Obesity and the Microbiome: Narrowing in on the Culprits

An interesting study just came out of the University of Chicago, looking at how specific bacteria in the small intestine affect the absorption of fat from the diet.[i]  The work should, in the long term, have huge implications for the treatment of obesity and also, illnesses where malabsorption (like Crohn’s) is problematic.

We know that the bacteria in the small intestine (where nutrient absorption takes place) changes within a day or two of eating a high-fat meal.  The microbes help facilitate the production and secretion of the enzymes necessary to rapidly break down the fat and  to digest the fatty food.  Says the study’s senior author, “”These bacteria are part of an orchestrated series of events that make lipid absorption more efficient…Few people have focused on the microbiome of the small intestine, but this is where most vitamins and other micronutrients are digested and absorbed.”[ii]

It was believed that specific microbes of the small intestine regulate the breakdown and absorption of fats.  The researchers, therefore, set out to learn which bacteria in particular are responsible.  They started with germ-free mice and found that even when fed high fat foods, they did not gain weight as the fats were excreted with their stool.  However, mice who have a very high level of non-pathogenic gut bacteria, did gain weight.  Very rapidly, the microbes in their small intestines changed, with increasing amounts of Clostridiaceae and Peptostreptococcaceae, the former of which in particular appears to be  responsible for fat absorption.  Levels of Bifidobacteriacaea and Bacteriodacaea, microbial families associated with leanness, rapidly decreased.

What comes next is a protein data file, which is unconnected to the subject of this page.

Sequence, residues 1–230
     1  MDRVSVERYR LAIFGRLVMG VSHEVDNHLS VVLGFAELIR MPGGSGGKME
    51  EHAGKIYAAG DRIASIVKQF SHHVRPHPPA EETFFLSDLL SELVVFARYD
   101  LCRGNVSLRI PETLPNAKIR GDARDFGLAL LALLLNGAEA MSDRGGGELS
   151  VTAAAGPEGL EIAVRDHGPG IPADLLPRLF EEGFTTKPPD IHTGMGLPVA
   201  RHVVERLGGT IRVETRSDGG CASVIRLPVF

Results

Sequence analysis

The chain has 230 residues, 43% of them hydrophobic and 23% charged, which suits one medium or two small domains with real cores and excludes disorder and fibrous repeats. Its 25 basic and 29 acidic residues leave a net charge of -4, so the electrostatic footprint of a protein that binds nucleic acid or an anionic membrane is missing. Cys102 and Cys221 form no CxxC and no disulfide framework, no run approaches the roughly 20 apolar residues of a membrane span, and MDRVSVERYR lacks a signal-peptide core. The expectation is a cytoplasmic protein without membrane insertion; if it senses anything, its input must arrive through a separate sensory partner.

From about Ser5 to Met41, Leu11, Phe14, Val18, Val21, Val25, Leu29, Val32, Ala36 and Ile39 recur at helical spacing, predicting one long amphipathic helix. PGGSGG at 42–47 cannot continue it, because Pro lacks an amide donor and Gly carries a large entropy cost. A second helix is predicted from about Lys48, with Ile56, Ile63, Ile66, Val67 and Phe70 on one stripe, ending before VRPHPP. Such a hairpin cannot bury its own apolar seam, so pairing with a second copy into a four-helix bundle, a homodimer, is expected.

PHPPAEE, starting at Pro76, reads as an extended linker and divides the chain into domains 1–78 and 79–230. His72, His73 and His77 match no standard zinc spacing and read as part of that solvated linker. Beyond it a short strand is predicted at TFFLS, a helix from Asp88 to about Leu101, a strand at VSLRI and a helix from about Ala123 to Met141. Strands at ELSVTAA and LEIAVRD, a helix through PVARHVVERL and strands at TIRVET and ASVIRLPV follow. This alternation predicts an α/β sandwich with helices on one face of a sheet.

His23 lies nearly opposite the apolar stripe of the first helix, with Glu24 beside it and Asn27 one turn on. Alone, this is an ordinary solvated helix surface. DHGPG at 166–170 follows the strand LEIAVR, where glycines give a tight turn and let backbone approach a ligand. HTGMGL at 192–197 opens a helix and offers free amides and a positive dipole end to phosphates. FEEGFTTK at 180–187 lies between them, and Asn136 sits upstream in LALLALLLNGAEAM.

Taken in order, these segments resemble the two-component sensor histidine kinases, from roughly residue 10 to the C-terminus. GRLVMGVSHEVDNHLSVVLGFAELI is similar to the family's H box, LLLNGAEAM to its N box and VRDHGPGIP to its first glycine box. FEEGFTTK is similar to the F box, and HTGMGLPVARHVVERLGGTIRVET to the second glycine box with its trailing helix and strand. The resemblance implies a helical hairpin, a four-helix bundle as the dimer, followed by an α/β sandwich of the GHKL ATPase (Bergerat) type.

Another of the scientists involved in the work sums it up:  “”I would say the most important takeaway overall is the concept that what we eat — our diet on a daily basis — has a profound impact on the abundance and the type of bacteria we harbor in our gut…These microbes directly influence our metabolism and our propensity to gain weight on certain diets.”

It’s not just that a high-fat Western diet leads to obesity (and all the ills associated with excess weight) simply because we eat way too many calories.  The food we eat also directly impacts the bacteria in our biomes and how that food is digested and absorbed – and the health implications of that are vast.  Of course though, diet is not the only factor involved – read my post from a few weeks ago on how helminths protect against this very same obesity-from-a-high-fat-diet. With that in mind, you do have to wonder if the depletion of both our macro and microbiomes make us more prone to adverse microbial alterations from diet.


[i] Kristina Martinez-Guryn, Nathaniel Hubert, Katya Frazier, Saskia Urlass, Mark W. Musch, Patricia Ojeda, Joseph F. Pierre, Jun Miyoshi, Timothy J. Sontag, Candace M. Cham, Catherine A. Reardon, Vanessa Leone, Eugene B. Chang. Small Intestine Microbiota Regulate Host Digestive and Absorptive Adaptive Responses to Dietary Lipids. Cell Host & Microbe, 2018; 23 (4): 458 DOI: 10.1016/j.chom.2018.03.011

[ii] https://www.sciencedaily.com/releases/2018/04/180411131639.htm

One Comment on “Obesity and the Microbiome: Narrowing in on the Culprits

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